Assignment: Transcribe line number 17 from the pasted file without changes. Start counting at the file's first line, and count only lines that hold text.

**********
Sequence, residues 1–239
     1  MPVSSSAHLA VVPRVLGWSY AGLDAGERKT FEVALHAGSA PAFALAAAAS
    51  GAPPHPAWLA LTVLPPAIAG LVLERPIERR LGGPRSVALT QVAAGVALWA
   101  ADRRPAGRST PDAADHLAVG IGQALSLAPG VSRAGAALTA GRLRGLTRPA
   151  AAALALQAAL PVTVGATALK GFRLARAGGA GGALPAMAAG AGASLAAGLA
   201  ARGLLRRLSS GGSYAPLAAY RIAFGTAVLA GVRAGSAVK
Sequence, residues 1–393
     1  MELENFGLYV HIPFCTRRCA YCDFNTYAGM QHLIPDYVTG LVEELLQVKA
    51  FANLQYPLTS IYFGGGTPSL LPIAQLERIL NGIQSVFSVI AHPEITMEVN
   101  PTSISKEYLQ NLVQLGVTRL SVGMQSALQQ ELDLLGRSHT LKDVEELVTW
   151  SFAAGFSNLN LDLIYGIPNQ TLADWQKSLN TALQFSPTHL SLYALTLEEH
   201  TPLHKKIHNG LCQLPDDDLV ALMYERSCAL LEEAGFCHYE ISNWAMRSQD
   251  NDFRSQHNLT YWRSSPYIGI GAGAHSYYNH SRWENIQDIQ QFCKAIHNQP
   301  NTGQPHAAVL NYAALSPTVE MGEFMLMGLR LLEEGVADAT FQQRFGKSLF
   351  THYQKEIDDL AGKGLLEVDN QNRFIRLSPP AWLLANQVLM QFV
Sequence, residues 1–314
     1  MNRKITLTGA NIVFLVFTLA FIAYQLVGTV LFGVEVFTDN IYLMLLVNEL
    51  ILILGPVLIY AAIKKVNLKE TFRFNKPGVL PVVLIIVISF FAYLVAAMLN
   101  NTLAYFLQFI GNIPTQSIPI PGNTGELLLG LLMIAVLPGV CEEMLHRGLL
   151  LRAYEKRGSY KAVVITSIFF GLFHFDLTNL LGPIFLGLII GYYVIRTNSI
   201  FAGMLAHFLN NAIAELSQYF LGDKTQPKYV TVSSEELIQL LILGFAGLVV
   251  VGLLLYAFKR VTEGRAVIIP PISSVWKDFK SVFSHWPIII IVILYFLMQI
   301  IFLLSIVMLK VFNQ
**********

     1  MNRKITLTGA NIVFLVFTLA FIAYQLVGTV LFGVEVFTDN IYLMLLVNEL